ویژگی ها و رفتارهای مرتبط با تصویر بدن در مجرمان خشونت خانگی مردان
|کد مقاله||سال انتشار||مقاله انگلیسی||ترجمه فارسی||تعداد کلمات|
|36117||2002||11 صفحه PDF||سفارش دهید||4879 کلمه|
Publisher : Elsevier - Science Direct (الزویر - ساینس دایرکت)
Journal : Eating Behaviors, Volume 3, Issue 3, Autumn 2002, Pages 217–227
Investigated correlates of body image satisfaction and perceived weight class (underweight, average weight, overweight) in a sample of male domestic violence offenders. Men who identified themselves as either underweight or overweight reported poorer body image satisfaction than those who perceived themselves to be of average weight. Poor body image satisfaction was found to be related to increased risk for both physical and verbal aggression, the tendency to have been a bully and/or a victim of bullying in childhood, and increased alcohol use. Although masculinity was expected to be an important intervening construct, partially explaining the relationship of body image to the major predictor variables, it was not correlated with any of the variables in this study. Finally, perceived weight class was not found to be significantly related to any of the predictor variables.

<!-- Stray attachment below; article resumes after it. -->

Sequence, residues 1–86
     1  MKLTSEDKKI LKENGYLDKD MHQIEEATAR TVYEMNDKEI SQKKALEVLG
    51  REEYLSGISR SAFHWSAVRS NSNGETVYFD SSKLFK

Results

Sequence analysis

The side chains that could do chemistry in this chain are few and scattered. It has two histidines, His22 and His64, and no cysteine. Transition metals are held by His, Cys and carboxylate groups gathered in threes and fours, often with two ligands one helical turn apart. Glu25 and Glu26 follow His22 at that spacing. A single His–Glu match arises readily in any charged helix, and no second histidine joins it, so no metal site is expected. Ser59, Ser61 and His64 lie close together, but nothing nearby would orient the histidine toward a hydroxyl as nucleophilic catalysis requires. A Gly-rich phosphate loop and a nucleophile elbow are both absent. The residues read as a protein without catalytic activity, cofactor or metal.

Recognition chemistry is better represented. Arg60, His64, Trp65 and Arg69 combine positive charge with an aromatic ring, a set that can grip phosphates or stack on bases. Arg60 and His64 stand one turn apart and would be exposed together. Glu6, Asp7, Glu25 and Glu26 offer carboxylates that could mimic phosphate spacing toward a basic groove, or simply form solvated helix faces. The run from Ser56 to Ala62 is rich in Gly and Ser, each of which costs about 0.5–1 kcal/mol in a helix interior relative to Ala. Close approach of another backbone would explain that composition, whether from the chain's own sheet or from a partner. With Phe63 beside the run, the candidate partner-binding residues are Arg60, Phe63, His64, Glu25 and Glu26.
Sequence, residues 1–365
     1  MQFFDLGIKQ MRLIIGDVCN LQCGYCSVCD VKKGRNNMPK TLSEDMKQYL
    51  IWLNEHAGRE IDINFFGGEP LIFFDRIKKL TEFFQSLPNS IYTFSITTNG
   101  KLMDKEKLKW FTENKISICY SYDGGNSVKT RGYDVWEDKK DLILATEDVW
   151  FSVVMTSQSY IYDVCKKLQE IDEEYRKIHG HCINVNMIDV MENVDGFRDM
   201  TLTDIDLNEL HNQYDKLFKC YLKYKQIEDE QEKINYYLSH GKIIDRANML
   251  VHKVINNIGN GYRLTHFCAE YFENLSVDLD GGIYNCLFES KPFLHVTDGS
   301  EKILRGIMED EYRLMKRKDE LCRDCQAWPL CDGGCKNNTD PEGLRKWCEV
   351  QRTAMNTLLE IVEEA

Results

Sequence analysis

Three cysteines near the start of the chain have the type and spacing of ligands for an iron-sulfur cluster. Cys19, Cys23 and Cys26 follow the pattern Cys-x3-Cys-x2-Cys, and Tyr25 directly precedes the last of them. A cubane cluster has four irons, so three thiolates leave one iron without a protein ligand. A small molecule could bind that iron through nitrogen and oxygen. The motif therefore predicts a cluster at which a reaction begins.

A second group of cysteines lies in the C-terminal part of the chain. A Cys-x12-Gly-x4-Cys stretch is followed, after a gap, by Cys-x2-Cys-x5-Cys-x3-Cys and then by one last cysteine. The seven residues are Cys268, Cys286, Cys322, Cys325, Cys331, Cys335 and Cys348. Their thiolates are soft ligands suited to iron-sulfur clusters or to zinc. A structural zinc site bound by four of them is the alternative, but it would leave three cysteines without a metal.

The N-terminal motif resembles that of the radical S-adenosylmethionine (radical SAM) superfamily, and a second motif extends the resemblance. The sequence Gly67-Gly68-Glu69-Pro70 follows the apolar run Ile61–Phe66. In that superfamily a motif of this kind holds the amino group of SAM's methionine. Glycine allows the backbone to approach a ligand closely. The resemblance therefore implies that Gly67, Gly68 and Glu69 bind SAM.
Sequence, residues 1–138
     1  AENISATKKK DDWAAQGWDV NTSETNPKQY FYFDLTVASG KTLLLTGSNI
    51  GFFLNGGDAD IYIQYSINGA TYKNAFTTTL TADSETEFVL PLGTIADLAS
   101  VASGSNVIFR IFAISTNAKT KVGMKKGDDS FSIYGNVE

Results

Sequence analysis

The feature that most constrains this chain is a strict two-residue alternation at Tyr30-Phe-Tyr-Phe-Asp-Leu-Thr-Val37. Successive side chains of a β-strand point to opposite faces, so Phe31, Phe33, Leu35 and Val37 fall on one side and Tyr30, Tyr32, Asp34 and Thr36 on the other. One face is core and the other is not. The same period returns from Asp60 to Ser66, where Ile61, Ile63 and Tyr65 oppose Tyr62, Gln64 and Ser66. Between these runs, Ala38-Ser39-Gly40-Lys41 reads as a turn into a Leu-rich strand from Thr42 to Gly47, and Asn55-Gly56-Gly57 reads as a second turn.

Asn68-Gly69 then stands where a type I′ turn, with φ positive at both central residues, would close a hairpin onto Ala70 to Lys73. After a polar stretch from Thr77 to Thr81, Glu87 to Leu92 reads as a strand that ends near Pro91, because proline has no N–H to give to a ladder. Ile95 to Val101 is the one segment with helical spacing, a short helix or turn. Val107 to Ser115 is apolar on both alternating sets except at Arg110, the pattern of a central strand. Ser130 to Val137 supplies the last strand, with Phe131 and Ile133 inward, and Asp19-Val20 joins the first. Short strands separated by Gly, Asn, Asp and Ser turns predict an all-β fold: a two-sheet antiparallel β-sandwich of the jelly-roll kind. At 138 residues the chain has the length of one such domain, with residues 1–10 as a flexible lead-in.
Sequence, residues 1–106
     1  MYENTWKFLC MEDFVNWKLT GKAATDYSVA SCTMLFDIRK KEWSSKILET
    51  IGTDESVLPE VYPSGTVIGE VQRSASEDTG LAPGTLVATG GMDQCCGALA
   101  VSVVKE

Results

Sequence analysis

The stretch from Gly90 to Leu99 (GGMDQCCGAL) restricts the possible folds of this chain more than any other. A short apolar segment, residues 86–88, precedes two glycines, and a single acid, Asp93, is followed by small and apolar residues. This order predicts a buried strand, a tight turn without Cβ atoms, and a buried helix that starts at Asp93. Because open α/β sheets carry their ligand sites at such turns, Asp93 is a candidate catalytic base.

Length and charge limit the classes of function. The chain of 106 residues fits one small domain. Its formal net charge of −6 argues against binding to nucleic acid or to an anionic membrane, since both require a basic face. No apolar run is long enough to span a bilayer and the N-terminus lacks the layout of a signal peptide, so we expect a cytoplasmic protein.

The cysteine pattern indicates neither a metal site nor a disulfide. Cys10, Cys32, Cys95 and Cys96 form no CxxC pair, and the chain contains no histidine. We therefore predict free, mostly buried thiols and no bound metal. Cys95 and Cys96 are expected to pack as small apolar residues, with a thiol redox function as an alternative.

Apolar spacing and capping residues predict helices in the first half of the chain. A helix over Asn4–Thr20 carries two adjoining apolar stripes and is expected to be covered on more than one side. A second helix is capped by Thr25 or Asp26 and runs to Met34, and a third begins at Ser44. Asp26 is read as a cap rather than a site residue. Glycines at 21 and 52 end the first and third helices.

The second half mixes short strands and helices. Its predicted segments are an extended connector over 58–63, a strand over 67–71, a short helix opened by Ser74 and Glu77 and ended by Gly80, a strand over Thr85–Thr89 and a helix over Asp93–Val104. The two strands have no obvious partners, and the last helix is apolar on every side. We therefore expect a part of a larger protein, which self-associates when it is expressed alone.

The term body image is typically used within two main contexts. The first applies to misperceptions about one's own body size or shape, while the second refers to perceptions of how other people evaluate one's body Cash, 1989, Garner & Garfinkel, 1981 and Rucker & Cash, 1992. It is in the latter sense that body image is addressed in this study. Body image concerns may focus on the body as a whole or on specific parts of the body (Cash, 1989). Distress resulting from negative body image can range from mild to severe enough to impair functioning (Valtolina, 1998). Data on the reliability of body image indicate that it is relatively stable across time, suggesting that body image can be considered a reliable construct. In addition, measurements of body image have been shown to have predictive validity. This is evidenced by their relationship to a variety of prognostic and psychopathological variables (Garner & Garfinkel, 1981). The nature of body image concerns differs between men and women. Women almost always report a desire to be thinner Cash, 1993 and Theron et al., 1991. Men, on the other hand, report both a desire to be thinner as well as a desire to gain weight. So whereas women may categorize themselves as either “acceptable weight” or “overweight,” men seem to focus on three categories: “underweight,” “average weight,” and “overweight.” Generally, men who desire to gain weight are not interested in increasing the amount of body fat. Rather, they have a desire to be more muscular Chan & Swalm, 1998, Davis & Cowles, 1991, Drewnowski & Yee, 1987 and Wang et al., 1994. The observation that male body image often includes a desire for muscularity influenced the design of the present study. That muscular bodies may reflect a masculine body ideal suggests that men with poor body image may feel less masculine and try to compensate through a variety of means.